Lucy Minton, Co-Founder and COO of Kitt, explores the changing generation breakdowns within an office and how companies can adapt to appeal to Gen Zs. 


Today’s workforce consists of five generations and it can be a difficult balancing act for companies to appease all the different styles of working and expectations that come with each different age group. While these divisions have been brewing in the office for years, they have come to a head following the pandemic, as Baby Boomers and Gen Zs clash over returning to the office.


Our partners at Hubble recently surveyed over 1000 employees across different generations and found that Gen X and Baby Boomers preferred working remotely, while Gen Zs wanted to head back into the office, with 8% saying they’d had an actively negative experience working from home. So, where does this leave businesses that are devising their post-pandemic workplace strategies? Do they stick with the old guard or do they throw their lot in with the newcomers?


While it can be easier to support those who have been there the longest, we believe it’s important that businesses take the time to listen to younger generations – the future leaders of our industry- and consider what they are looking for when devising their approach to work. Not only are this generation entering the workplace at a time of global flux but they are more heavily influenced by technology, politics, equality, diversity and mental health than any previous generation.


So, what are Gen Zs looking for?


Despite being the most tech savvy of the office generations, Gen Zs are surprisingly seeking face to face interaction when it comes to work and expect any company they work for to still have an office. There are a multitude of reasons for this, but a key one is access to senior figures and scope for development that many Gen Zs associate with being in the office. In fact, many are prioritising the level of training a company provides over the traditional perks when it comes to job searching, with research revealing that the top three things considered amongst the younger generation are career advancement opportunities (95%), a manager they can learn from (93%) and professional development and training opportunities (91%).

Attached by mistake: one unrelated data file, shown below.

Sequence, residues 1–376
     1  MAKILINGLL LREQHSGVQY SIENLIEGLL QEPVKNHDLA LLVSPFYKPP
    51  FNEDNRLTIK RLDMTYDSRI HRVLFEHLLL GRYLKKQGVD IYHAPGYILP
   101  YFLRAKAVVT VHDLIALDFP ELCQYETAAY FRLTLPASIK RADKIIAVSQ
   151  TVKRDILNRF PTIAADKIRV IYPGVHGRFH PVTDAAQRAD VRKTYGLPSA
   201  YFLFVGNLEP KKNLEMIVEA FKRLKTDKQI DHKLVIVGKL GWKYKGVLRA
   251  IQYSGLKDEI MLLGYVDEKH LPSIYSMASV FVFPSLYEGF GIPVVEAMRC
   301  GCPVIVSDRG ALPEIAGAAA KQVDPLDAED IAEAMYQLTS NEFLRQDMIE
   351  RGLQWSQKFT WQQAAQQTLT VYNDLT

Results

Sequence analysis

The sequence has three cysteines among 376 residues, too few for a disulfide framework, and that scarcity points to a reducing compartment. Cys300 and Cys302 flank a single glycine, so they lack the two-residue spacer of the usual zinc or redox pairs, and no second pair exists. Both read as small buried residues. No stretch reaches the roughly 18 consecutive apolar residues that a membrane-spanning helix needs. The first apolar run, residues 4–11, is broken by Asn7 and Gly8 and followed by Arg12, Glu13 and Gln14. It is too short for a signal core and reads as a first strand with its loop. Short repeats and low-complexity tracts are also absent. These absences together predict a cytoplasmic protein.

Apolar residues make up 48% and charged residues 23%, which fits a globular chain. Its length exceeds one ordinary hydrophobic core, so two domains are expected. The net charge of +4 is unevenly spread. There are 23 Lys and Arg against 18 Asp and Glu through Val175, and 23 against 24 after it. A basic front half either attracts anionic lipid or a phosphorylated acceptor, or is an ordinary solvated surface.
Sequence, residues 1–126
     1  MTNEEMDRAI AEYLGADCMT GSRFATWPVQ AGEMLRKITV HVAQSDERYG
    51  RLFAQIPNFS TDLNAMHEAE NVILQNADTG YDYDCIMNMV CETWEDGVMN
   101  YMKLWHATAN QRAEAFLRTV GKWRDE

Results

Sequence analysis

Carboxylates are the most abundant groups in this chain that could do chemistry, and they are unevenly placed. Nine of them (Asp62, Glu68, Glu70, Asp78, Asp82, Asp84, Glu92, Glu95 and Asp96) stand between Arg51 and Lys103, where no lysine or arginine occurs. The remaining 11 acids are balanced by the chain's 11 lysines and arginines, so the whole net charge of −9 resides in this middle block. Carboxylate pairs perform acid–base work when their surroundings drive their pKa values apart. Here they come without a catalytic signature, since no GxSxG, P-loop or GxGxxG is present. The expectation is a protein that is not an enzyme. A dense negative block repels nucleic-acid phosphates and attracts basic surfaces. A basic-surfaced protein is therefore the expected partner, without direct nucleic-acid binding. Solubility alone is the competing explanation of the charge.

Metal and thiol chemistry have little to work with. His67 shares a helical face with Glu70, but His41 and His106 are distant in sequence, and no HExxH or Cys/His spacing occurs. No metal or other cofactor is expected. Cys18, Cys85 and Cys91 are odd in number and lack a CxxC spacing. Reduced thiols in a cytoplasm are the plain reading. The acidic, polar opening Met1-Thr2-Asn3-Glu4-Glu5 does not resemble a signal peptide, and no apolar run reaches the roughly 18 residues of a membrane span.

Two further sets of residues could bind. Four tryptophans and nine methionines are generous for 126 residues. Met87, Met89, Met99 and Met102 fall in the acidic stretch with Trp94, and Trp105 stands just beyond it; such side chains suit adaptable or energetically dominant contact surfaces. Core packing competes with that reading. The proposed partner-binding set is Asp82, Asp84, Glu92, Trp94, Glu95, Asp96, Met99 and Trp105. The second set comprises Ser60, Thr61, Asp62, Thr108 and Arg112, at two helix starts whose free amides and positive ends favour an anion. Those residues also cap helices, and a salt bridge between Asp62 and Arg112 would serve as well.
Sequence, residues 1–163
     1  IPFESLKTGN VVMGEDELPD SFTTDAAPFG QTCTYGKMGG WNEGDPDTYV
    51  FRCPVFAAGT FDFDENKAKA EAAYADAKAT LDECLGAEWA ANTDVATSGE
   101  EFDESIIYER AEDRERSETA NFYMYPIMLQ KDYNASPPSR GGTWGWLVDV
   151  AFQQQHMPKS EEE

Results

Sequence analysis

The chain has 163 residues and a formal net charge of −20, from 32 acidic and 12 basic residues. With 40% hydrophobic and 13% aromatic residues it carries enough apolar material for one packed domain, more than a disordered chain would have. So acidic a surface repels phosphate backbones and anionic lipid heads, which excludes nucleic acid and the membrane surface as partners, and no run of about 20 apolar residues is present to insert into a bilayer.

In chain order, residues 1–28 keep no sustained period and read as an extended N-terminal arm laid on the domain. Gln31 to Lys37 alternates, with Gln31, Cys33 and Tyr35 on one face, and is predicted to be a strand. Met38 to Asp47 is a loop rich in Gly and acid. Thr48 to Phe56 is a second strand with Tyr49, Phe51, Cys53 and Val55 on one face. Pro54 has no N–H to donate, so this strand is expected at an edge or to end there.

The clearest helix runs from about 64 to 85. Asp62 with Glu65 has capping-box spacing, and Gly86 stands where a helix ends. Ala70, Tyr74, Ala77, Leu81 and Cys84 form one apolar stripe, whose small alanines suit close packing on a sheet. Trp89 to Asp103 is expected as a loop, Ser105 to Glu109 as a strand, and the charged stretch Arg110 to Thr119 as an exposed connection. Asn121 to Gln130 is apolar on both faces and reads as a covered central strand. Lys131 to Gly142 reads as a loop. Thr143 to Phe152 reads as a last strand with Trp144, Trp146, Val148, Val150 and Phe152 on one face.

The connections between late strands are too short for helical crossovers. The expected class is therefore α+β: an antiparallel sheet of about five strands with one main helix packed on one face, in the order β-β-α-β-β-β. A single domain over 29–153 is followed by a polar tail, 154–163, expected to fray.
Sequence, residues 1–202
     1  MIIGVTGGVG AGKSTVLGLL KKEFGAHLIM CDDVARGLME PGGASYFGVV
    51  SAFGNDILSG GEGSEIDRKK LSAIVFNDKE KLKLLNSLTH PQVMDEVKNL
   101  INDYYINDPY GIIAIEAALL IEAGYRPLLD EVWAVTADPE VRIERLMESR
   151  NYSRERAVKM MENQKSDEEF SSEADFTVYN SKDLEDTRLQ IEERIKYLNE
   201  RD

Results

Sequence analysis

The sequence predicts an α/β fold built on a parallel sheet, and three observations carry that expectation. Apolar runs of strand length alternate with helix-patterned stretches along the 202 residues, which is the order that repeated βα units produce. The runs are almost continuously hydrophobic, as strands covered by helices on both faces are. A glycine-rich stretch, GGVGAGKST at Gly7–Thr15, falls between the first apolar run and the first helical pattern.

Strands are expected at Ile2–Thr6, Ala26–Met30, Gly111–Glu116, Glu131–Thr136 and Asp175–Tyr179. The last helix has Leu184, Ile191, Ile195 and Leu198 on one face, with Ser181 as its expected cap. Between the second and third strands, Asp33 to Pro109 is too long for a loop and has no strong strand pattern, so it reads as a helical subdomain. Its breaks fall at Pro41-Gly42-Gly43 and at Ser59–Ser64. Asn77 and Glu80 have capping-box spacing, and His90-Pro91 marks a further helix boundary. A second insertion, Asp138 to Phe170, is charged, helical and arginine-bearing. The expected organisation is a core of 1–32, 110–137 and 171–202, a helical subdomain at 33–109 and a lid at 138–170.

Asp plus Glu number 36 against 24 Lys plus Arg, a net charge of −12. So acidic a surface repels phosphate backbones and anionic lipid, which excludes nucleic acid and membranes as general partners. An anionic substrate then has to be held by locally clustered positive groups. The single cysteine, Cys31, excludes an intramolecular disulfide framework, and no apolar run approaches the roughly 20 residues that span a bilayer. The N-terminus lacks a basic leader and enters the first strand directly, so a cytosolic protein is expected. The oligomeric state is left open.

This desire to still have the option to work in the office can also be attributed to their living situation. Like their millennial counterparts, Gen Zs are quickly becoming generation rent, living in shared rented accommodation or even in their family home. As a result of this, they are most likely vying for space to work from, competing with parents, flatmates or even siblings. Because of this, it’s not actually a surprise that 37% of Gen Zs wanted an office to do quiet focused work, often feeling more productive than their older counterparts, who arguably may have more appropriate working environments at home.


Beyond the office, Gen Zs are more likely than any of the other generations to prioritise a company that shares their values and beliefs. As the most diverse generation (49% identify as non-white), 77% consider a company’s commitment to diversity to be a deciding factor when it comes to choosing a job role.


They are also a very pragmatic group of individuals, who are actively seeking job security. For many, their first experience of the working world was at the start of a global pandemic, when job security became a real concern, so it is not surprising that 58% of them state that job security is a daily worry. Interestingly, this pragmatic view also applies to their views on employee benefits. While Millennials sought out table tennis tables and office drinks, it seems Gen Zs are taking a more traditional view, preferring good healthcare, pension and retirement options.


What this means for the office


With all of these factors in mind, there are a few different approaches companies can adopt to appeal to Gen Zs and retain the ones they already have. Number one is to adopt a hybrid approach that gives everyone the option to work from the office if it works best for them. While there has been a lot of discussion over whether remote, hybrid or fully back to the office is the right solution, a hybrid approach offers the best options for a company that has a variety of generations working for it.


However, it is so much more than just having an office space for people to work in. It is about the aesthetic and environment it creates. Based on their interests and priorities, Gen Zs want an inspiring and spacious workplace – what we call “agile offices”. We’ve seen a huge shift towards offices that are actually only 20-30% fixed desks. Instead, people are looking for breakout spaces and more ‘living room like’ environments where they can discuss and brainstorm ideas, while having the option to tuck themselves away and get their heads down on a piece of work.


This seemingly simple switch in office design can actually have a huge impact on productivity and sense of team within a company and will help breach the generation divides that have become exacerbated as a result of working from home.


Therefore, as businesses develop their back-to-office strategy, it’s important they consider the implications the last 18 months have had on their newest recruits and create a workplace where they can thrive and grow into future industry leaders.